Keeping customers’ desires front and center
Experian partnered with Aite-Novarica to study enterprise-wide identity management. All but one of the 12 executives interviewed said client experience is a primary or predominant driver in the transformation of their identity management programs.2
Once implemented, a holistic view of customers can increase the experience in many ways:
- Meaningful engagement: You can deliver relevant and timely offers if you understand when, where and why consumers are interested in your products and services. Similarly, you’ll know who isn’t a good fit and won’t bother them (or waste money) by showing them ads.
- Verification: Using a single, persistent identity could make the initial and ongoing identity verification an easier process that doesn’t disrupt consumers’ lives or lead to frustration.
- Ongoing recognition: Nearly 70 percent of all consumers want businesses to recognize them across multiple visits.3 But you’ll need to study your customers to determine how much friction is acceptable. Some people prefer security over convenience and are willing to trade a little time to use extra verification methods.
- Customer service: Having more insight into a customer’s entire history and interactions with your organization can help you quickly respond when an issue arises, or even anticipate and solve potential problems.
- Security: A majority (83 percent) of consumers say security is the most important factor of online experience.3 Companies that can quickly and accurately identify consumers can also help keep them safe from fraud and identity theft.
While these may be some consumers’ top concerns today, continue listening to your customers to better understand their wants and needs.
Watch More: Webinar: Identity Evolved — Building consumer trust and engagement
Implementing an enterprise-wide identity management strategy
Identity management can become a daunting task, particularly as new data sources begin to flow. As a result, many organizations turn to outside partners who can help manage part, or all, of the process.
For example, an identity management solution may offer identity resolution (the process of connecting new identifiers to a unique digital identity) and help create and host an identity graph (the database that stores the unique digital identities). A more robust offering may also help with other parts of identity management, including ongoing data hygiene and helping you turn your unique customer insights into actionable marketing campaigns.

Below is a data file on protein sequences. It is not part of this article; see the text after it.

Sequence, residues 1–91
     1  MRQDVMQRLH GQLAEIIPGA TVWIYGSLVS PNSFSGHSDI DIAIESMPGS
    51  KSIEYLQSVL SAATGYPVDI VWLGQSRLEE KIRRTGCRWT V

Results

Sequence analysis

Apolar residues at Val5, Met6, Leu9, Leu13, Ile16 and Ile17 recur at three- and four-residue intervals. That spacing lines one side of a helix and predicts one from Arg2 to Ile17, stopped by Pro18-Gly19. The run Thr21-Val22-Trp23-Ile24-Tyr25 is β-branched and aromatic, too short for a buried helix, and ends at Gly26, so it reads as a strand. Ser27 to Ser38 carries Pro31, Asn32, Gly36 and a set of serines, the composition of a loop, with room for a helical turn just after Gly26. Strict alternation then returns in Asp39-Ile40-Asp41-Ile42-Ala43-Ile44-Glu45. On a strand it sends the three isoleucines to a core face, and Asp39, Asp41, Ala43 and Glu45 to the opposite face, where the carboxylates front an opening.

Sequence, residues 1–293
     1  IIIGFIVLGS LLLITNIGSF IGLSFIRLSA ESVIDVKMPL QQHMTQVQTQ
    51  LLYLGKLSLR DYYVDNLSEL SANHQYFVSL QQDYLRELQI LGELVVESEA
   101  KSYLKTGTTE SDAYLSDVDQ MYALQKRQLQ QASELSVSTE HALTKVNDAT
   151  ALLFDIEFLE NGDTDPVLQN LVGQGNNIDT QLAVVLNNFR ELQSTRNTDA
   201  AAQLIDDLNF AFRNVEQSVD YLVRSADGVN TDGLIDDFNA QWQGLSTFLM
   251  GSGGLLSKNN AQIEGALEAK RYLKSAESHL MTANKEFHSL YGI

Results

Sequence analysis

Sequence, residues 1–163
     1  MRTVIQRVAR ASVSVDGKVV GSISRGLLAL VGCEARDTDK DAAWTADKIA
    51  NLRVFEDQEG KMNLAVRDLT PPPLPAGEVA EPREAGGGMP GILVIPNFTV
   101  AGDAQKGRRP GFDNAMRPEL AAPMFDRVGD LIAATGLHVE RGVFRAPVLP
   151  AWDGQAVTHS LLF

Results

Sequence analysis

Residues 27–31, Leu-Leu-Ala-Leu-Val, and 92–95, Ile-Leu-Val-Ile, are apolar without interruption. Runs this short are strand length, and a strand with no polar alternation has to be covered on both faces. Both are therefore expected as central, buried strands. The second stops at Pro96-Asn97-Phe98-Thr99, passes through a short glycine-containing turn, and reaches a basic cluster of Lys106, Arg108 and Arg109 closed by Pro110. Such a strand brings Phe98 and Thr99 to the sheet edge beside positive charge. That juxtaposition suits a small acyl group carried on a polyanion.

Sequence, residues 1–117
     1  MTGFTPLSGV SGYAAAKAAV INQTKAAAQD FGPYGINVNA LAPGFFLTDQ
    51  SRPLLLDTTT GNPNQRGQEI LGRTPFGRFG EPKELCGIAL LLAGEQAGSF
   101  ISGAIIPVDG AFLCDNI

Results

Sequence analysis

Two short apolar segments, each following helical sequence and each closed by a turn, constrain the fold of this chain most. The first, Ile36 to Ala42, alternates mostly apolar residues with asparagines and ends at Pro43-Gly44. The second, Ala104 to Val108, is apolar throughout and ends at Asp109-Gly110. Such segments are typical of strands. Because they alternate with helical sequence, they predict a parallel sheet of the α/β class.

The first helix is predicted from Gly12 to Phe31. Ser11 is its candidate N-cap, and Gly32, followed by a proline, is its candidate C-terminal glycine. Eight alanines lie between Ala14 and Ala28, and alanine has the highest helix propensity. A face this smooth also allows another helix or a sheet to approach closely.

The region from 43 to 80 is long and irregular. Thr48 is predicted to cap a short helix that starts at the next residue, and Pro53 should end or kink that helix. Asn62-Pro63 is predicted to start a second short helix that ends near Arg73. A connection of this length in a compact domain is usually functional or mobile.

Experience managing vast amounts of data is also important, as is access to additional offline and online data sources. In 2021, Experian found that 85 percent of companies said poor quality customer contact data negatively impacted their operation’s processes and efficiency.4 An enterprise-wide system that allows business units to update a single customer profile with the latest contact information might help. But working with a data provider that appends the latest info from outside databases could be a better way to ensure you have customers’ latest contact info.
When researching potential partners, also consider how their offerings and approach align with your goals. If, like others, improving the customer experience is a priority, make sure the solution provider also has a customer-first approach. In turn, this means security is a top priority — it’s what customers want and it’s important for protecting you and your reputation.
Learn more about Experian’s identity management solutions and how you can benefit from working with a company that understands identities are personal.